Yes. Penn has made significant advancements in graduate student life over the last two decades in partnership with GAPSA, SHIAC, and other student groups and University and School committees with student leaders as members. Students who wish to join the discussion regarding graduate student life at Penn are strongly encouraged to become active in GAPSA, their School-based student governments, and/or University-wide interest groups. We also encourage students to speak to staff at the Graduate Student Center about issues of concern to them. These organizations have been very influential in improving the lives of graduate students and the campus resources available to them.

There are many organizations that exist to advocate for the diverse needs of students at Penn. While they would continue to do important work after we unionize, they are hardly “alternatives” to unionization. These organizations are fully funded by Penn, exist at Penn’s discretion, and have no binding effect on Penn’s decision-making. Our union made up of student workers would exist independently of the Penn administration, and the contract that we negotiate with Penn will be legally binding. Unlike other student advocacy groups, by forming a union, student workers would have real, enforceable power to make improvements to our working conditions.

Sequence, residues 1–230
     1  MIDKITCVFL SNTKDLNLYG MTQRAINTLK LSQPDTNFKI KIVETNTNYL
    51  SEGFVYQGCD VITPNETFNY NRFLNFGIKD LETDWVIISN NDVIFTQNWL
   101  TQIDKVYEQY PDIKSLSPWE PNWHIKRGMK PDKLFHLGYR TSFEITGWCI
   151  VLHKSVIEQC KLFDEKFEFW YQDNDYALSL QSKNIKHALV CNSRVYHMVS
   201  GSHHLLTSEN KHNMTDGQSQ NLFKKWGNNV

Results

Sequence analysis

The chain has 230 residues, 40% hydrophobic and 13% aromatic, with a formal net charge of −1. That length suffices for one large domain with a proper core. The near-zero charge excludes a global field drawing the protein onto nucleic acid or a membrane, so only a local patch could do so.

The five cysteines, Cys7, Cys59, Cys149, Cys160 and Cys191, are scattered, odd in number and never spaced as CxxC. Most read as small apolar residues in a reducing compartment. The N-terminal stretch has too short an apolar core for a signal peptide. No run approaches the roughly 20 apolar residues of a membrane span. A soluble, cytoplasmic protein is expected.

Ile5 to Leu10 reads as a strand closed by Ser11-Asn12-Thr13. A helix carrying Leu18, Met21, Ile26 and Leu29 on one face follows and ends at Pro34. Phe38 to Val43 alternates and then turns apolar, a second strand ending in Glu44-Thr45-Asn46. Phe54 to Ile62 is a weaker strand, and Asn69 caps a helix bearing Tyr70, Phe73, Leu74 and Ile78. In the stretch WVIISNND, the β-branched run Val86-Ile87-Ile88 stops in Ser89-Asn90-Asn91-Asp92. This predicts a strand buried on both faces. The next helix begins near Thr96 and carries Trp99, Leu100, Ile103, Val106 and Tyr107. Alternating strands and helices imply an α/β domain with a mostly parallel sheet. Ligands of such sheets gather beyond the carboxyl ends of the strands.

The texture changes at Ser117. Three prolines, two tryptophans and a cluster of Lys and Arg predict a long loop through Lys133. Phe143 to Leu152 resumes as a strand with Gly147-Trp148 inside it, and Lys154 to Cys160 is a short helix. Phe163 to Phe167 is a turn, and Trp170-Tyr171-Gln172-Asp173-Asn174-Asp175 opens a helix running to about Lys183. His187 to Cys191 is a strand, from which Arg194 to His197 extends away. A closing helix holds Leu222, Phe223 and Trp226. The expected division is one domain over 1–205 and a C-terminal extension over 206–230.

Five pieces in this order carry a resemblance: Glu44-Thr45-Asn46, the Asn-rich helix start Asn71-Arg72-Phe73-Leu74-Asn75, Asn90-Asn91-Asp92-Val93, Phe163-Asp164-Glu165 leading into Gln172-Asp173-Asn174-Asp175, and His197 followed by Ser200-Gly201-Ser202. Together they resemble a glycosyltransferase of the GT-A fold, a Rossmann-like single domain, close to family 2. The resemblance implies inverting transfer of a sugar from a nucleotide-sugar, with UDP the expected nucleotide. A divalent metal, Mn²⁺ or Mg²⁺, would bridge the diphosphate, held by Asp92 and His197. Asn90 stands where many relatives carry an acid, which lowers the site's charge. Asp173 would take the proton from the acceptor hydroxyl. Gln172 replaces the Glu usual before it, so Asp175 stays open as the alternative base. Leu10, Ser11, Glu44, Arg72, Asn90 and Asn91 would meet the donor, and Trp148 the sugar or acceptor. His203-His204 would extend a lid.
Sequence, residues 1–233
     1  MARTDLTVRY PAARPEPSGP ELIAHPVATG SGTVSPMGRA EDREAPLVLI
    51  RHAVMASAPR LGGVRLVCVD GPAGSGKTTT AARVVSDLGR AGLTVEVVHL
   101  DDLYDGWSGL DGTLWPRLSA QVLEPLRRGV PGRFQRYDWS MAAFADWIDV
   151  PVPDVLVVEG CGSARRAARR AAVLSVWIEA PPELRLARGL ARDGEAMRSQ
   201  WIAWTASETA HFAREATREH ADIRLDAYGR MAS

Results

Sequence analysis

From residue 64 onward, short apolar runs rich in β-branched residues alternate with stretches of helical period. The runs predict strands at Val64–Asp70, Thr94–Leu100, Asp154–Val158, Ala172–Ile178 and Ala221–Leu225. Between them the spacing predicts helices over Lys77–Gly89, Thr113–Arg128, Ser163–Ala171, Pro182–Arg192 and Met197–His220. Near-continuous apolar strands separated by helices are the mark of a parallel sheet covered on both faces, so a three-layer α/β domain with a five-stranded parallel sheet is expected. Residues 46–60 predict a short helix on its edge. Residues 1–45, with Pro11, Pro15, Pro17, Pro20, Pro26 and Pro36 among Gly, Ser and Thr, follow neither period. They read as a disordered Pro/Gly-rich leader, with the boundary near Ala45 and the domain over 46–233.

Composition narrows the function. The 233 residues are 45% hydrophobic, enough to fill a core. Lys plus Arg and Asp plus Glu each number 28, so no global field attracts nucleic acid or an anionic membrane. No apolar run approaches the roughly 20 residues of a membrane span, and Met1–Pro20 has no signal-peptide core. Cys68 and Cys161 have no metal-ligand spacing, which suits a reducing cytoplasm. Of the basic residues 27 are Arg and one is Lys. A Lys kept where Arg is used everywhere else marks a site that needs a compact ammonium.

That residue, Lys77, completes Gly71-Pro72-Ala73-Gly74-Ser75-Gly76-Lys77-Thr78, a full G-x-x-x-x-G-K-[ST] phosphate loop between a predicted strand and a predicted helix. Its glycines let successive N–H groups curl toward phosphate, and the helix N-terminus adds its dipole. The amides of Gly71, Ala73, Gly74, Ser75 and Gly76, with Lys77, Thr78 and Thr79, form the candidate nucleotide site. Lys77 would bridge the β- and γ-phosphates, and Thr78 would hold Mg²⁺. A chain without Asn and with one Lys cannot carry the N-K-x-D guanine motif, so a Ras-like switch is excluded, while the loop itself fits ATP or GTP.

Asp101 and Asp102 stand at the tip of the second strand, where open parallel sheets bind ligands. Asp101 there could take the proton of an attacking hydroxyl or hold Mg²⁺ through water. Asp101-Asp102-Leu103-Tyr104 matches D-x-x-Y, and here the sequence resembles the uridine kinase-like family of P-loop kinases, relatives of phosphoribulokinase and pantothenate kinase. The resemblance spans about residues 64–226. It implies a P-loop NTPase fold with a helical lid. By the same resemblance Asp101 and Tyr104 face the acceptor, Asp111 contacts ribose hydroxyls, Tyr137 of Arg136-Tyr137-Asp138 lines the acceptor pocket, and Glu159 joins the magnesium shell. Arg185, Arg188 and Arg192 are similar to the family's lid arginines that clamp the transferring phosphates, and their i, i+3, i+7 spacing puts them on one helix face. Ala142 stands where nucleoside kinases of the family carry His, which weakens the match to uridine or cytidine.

How does an election work? When would it be held?

Once a union files a petition, the NLRB will schedule and oversee the election process. The election takes place after resolving any legal issues presented by the petition, which might include questions regarding the scope of the bargaining unit, students’ eligibility to vote, and related matters.

When it comes time for an election, all teaching and research student employees at Penn will get up-to-date information from co-workers and organizers in your department, from union emails and other communications, and on social media. We think it’s crucial that as many student workers vote as possible to show Penn admin that we stand together.

Unfortunately, Penn’s “FAQ” answer to this question tacitly admits that Penn admin will refuse to voluntarily recognize our union––even when the majority of us sign union authorization cards. Employers often use the time between filing for an election and holding it to run anti-union campaigns to frighten and confuse student workers and share deceptive talking points, such as this “FAQ.”

Who is eligible to vote?

The NLRB will determine the appropriate bargaining unit which will identify those who are eligible to vote.

This is correct; every member of the bargaining unit can and should vote.

I’m an international student. Am I eligible to vote?

Yes, international students who are part of the bargaining unit are eligible to vote. Citizenship or visa status are not eligibility criterion.

This is correct; international students are protected by US labor law and their vote is crucial. All student workers, regardless of citizenship or residency status, have equal rights to vote in union elections, talk to their coworkers about the union, participate in union organizing efforts, participate as members of the elected bargaining committee, participate in contract negotiations with management, sign up as union members, pay union membership dues, etc.

Who should vote?